Human Tissue Sample Blog

Methods to Detect Breast Cancer Mutations in FFPE Samples

Posted by Luke Doiron on Mar 22, 2016 8:00:00 AM



Over the past decade, researchers have discovered the fact that breast cancer is a disease with a variety of gene mutations that can  complicate effective treatment programs. Breast cancer mutations may be germline and/or somatic forms, and understanding what type of mutation is present has a significant impact on molecular targets and appropriate treatment regimens.

Breast cancer mutations can be detected by a variety of methods, using fresh, frozen or FFPE tumor specimens. Formalin-fixed paraffin-embedded (FFPE) samples are commonly sourced to analyze breast cancer mutations. Here are a few published studies reviewing methods used to detect breast cancer mutations using FFPE samples:

BRCA1 and BRCA2 gene mutations in breast cancer

Mutations in these two genes enhance the risk of developing ovarian or breast cancer, as part of what's known as the hereditary breast-ovarian cancer syndrome. It's also been found that the BRCA1/2 genes may be implicated in the development of non-hereditary tumors because a percentage of breast cancers contain somatic BRCA1 and BRCA2 variants. In this study, researchers used FFPE specimen tissue to explore the viability of a multiplex PCR-based NGS method for detecting BRCA1 and BRCA2 mutations in fixed tumor specimens. Results indicate that this technique did detect BRCA1/2 variants in FFPE tissues, and could help determine optimal treatment regimens for breast cancer patients with this particular mutation pattern.

Triple negative breast cancer EGFR mutations

Triple negative breast cancer has one of the worst prognoses because of its lack of response to typical breast cancer treatment agents, specifically endocrine and anti-HER2 drugs. This is because triple-negative breast cancer lacks the three main hormone receptors typically targeted for cancer therapy, i.e. estrogen receptor (ER), progesterone receptor (PR) and the human epidermal growth factor receptor (HER2). These tumors show a distinctive metastatic pattern, shorter recurrence time and earlier mortality. In this study, researchers focused on documenting the presence and estimating the prevalence of EGFR mutations in triple negative tumors. Researchers used a random sample of FFPE specimens from a large group of triple negative tumor samples and extracted DNA from the paraffin blocks to perform PCR and amplify the exon regions 18 to 21 of the EGFR gene. Researchers found exon 19 deletions, inversions, and exon 21 substitutions in 11 percent of specimens, which may point to new targeted treatment therapies.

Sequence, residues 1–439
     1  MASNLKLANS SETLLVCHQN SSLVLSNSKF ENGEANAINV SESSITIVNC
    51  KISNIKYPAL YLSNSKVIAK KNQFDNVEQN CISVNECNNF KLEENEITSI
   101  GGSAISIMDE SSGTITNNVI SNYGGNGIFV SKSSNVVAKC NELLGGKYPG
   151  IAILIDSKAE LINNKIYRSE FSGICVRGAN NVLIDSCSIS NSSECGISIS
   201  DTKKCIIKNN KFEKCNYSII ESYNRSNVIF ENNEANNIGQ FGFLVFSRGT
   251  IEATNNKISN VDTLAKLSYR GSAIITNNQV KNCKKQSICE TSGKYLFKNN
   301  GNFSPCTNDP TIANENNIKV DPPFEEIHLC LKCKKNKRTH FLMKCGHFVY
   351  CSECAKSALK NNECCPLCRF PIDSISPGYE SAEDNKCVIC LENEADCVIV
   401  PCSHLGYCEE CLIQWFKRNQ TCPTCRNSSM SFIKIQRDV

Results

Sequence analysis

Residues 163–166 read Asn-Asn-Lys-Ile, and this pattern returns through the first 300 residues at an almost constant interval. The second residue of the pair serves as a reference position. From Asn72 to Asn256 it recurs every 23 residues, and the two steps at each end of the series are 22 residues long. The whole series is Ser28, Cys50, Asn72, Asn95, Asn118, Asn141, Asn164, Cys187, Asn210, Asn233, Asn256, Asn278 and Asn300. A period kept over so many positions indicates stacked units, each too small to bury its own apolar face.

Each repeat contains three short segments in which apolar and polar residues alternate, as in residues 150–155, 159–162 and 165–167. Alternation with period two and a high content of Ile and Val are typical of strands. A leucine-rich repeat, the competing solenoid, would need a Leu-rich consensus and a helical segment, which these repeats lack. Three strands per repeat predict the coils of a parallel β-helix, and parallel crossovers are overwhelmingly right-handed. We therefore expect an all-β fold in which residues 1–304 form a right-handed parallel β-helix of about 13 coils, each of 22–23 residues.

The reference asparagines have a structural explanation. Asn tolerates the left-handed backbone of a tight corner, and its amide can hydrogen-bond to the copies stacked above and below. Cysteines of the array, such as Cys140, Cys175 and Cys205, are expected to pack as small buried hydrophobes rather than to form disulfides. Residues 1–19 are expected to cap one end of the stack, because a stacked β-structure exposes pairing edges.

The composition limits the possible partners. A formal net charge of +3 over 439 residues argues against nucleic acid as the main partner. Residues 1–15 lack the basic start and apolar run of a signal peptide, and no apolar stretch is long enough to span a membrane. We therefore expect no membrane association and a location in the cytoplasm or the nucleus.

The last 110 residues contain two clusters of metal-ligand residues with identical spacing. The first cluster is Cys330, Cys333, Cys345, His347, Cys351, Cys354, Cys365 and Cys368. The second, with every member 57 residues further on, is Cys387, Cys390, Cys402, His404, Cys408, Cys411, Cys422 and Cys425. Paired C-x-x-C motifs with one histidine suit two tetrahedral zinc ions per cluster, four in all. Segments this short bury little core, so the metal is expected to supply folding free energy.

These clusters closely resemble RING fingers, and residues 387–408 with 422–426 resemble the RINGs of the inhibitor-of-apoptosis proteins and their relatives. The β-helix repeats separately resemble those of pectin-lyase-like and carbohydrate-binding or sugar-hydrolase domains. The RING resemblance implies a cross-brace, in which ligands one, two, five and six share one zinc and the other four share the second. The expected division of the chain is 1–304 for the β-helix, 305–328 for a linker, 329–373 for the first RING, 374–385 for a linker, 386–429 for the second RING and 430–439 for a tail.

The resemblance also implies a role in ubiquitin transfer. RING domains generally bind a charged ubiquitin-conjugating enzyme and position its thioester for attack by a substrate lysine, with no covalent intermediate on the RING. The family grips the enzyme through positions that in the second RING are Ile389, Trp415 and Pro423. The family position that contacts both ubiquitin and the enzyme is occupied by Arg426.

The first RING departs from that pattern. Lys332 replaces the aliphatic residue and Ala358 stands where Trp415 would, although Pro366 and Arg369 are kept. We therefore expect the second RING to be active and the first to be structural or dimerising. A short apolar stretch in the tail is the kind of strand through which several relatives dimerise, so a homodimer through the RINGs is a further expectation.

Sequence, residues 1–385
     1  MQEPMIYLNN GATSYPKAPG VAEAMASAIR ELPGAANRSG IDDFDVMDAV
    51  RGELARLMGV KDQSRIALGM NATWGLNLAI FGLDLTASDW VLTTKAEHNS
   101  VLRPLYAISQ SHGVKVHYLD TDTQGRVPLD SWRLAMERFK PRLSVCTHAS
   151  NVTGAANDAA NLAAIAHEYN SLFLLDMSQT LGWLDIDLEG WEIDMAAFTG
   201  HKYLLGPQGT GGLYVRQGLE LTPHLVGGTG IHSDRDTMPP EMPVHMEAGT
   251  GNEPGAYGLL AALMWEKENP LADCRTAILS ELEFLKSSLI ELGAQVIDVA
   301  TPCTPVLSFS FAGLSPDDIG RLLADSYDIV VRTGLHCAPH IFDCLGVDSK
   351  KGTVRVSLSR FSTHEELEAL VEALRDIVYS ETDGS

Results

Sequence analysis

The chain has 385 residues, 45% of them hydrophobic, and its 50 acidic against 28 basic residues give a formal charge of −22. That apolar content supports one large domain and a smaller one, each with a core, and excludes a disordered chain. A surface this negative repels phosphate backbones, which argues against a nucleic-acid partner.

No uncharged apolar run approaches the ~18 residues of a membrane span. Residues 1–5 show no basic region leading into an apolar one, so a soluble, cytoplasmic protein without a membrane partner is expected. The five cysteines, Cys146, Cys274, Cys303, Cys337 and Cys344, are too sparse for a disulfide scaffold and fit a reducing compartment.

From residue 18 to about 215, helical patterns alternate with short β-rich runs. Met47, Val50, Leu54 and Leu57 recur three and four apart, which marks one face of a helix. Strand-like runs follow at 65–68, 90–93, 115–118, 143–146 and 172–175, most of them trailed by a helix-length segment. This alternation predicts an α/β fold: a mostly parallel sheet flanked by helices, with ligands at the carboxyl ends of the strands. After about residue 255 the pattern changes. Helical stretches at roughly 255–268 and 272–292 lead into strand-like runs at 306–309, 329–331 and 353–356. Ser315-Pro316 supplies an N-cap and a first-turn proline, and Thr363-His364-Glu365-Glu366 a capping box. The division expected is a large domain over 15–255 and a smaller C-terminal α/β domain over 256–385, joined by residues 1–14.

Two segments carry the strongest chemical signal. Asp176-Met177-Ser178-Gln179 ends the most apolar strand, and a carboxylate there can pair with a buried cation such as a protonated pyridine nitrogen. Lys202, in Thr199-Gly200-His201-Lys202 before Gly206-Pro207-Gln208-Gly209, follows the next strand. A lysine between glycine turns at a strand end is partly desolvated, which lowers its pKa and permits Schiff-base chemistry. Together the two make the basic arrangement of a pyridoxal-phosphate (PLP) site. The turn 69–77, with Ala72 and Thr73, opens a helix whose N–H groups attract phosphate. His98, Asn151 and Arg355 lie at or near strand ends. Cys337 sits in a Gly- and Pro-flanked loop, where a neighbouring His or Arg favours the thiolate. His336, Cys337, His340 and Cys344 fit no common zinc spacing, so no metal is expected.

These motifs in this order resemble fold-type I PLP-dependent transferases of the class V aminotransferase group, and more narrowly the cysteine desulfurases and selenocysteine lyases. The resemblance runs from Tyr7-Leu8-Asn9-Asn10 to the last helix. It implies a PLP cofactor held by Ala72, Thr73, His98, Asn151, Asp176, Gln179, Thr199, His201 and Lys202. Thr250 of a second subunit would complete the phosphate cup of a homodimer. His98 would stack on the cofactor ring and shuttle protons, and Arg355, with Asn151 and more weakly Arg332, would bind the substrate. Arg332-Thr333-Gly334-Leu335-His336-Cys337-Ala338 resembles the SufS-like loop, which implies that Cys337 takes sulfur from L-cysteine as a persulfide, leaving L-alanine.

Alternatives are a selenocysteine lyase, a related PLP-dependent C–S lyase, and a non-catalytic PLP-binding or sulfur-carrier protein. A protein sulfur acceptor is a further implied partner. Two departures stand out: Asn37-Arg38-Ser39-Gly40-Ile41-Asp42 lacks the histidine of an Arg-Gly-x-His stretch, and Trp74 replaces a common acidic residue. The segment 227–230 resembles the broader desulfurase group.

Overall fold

PIK3CA mutations in breast cancer

Somatic mutations in the PIK3CA gene are common in breast cancer, leading researchers to study what implications such mutations have for those patients. In this study, archival FFPE samples of primary breast tumors were genotyped for PIK3CA mutations and the association between mutation site and clinicopathologic characteristics explored. Study authors found this mutation in 32% of breast cancers and an association between the mutation and older age at diagnosis, lower tumor grade and stage, and HER2 negativity. Patients with PIK3CA mutated tumors show improved survival rates.

HER2 mutations

In about 20 to 30 percent of breast cancers, there is an amplification of the HER2 receptor, due to a mutation in the ERBB2 gene.  Breast cancer patients who are HER2 positive tend to have a more aggressive form of cancer, and historically, HER2 amplification has been positively linked to increased disease recurrence and a poor prognosis. The overexpression of HER2 (or ERBB2, as it is also commonly known) is a good predictor for HER2 positive breast cancer therapy. Fluorescence in situ hybridization (FISH) is a common method for detecting such mutations in tumor FFPE samples. This technique is also useful for stratifying patients for treatment with HER2-targeted therapies.

Researchers learn more each day about the genetic variations in breast cancer, and FFPE tissues procured from a reliable  partner help advance drug discovery efforts.


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Topics: Cancer